As a result, harried homeowners have fought to have as many as 80 traffic calmers built in their beach resort town since 1990. Twenty-four more will go in this year.

Speed humps are the traffic calmners, most in demand here, as they are across the nation. Not as teeth-rattling as speed bumps found in parking lots, humps rise 3-4 inches above street level and typically are 12 feet long.

Carol Ostling waged a three-year battle to get humps installed on her street after speeding cars killed the family's two cats and nearly plowed down her husband, Robert. He was in his own front yard when a driver sailed onto the lawn, braking just inches from him.

"It was an absolute nightmare," Carol Ostling recalls. "Every other week there was a fender bender. Something had to be done." At times, she says, she felt like screaming, "Don't drive like it's the Indy 500!"

The Ostlings attended endless meetings, made phone calls and circulated petitions because 60% of their neighbors had to agree to the humps.

Since the humps were installed in 1994, traffic has dropped by nearly 50%, to 3,700 cars a day. Speeds have fallen about 10 mph, to 28 mph. The posted speed is 25 mph.

Speed Bump Capital

But the transition isn't always smooth. Last fall, hundreds of frustrated drivers responded when radio station WSRZ-FM organized a "Honk if You Hate Speed Humps," campaign and awarded free front-end alignments to winners in call-in contests.

"We had a lot of fun with it: Sarasota, the Speed Bump Capital of the World," says disc jockey David Jones.

Sarasota Fire Capt. Chuck Johnston feared that tragic obstacles would add critical delay to fire and rescue response.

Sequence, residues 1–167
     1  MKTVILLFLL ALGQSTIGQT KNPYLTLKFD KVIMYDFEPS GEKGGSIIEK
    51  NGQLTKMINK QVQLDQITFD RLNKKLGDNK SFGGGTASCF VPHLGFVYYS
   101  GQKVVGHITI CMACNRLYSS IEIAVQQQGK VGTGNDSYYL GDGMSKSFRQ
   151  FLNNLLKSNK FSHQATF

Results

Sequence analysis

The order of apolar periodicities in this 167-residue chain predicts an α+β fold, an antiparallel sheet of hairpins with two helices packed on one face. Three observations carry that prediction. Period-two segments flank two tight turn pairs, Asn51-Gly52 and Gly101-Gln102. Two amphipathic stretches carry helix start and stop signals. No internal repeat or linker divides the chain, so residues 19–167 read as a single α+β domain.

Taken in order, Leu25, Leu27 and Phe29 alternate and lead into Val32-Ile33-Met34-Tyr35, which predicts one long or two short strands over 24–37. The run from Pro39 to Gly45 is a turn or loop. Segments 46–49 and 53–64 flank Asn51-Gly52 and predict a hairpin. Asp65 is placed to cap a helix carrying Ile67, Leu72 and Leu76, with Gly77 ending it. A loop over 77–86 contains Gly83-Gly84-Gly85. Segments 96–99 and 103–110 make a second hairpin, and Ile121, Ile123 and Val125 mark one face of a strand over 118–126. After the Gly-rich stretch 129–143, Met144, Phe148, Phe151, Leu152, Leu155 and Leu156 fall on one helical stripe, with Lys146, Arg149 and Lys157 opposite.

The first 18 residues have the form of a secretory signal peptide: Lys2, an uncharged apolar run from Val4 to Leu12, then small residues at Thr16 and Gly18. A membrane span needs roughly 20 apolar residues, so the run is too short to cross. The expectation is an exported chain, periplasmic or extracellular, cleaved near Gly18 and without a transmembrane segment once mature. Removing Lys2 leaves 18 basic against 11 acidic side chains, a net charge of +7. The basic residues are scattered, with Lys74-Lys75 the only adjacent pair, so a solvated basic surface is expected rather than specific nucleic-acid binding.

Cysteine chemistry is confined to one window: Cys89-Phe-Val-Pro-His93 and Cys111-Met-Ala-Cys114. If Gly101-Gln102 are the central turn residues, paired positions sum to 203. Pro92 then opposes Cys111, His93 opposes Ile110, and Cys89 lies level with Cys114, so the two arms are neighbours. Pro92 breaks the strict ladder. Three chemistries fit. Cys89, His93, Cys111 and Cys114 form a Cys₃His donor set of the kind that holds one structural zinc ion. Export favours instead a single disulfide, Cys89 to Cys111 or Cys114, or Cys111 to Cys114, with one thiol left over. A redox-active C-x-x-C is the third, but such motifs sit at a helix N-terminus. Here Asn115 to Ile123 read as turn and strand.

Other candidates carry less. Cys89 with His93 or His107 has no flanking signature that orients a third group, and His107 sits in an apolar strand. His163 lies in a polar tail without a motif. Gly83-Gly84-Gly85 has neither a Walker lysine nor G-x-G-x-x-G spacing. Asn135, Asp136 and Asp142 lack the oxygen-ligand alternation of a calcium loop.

"For somebody who is having a heart attack, we need to be there by four to six minutes," Johnston says. But offcials have found that rescues take only a few seconds more even when the route has traffic calmers.

Government officials also needn't have feared that traffic calmers might somehow contribute to injuries to motorists or pedestrians and result in a slew of lawsuits.

Studies show that pedestrians have an 85% chance of surviving if they're hit by a car going under 18 mph. They have the same chance of being killed if the car is traveling at speeds above 35 mph. Severe injury is unlikely in between.

"If we could put up a sign that said 'Please respect our neighborhood and drive slowly,' we wouldn't have to install any devices at all," former Sarasota mayor Mollie Cardamone says. She lost two dogs to speeders. "But the reality is people have become more and more uncivil."

Humps, bends and barriers are being built on neighborhood streets across the USA to slow or reduce traffic flow. The devices vary in type, size and shape.
Some examples of the growing trend toward 'traffic calmers:'

Street parking or landscaping alternates from one side of the street to the other so the driver sees a zigzagged road rather than a clear, straight path. These abrupt changes cause motorists to reduce speed. In Seattle, which has them on 12 busy streets, chicanes force motorists to slow to about 20 mph.
Cost: About $13,000.

Neckdowns are sidewalks and curbing that extend into the roadway to shorten the pedestrian crossing. They also narrow the width of the road for vehicles forcing drivers to slow down.
Cost: $2,000-$3,000.

Bulbouts, also called neckouts, are curbs that jut into the street to narrow the roadway and slow traffic. In Sarasota, Fla., the devices allow one car through at a time and are lanscaped with ground cover and crape myrtle shrubs. Yield signs force opposing traffic to wait, and speed signs warn motorists to slow to 15 mph.
Cost: About $5,500.

Speed tables
Flat, raised surfaces made of bright red brick extend the width of streets and go down on both ends of the flat 'table top.' They force drivers to slow to 15-25 mph.
Cost estimate: $6,500.

Traffic circles
Seattle has 610 mini-circles, which force drivers to reduce speed to 15-20 mph to maneuver through intersections. The 16-foot-diameter circles are landscaped with flowers, shrubs or trees.
Cost: About $6,000.

Speed humps
Longer and flatter than speed bumps, humps are popular because they're inexpensive and effective. Typically, these mounds of asphalt extend from curb to curb. They slow drivers to 15-25 mph.
Cost: About $1,500.

Traffic islands
Considered much more effective than bulbouts, these oval, landscaped median devices beautify streets and slow vehicles to 10-15 mph.
Cost: $5,000-$10,000.

- from USA Today, May 2, 1997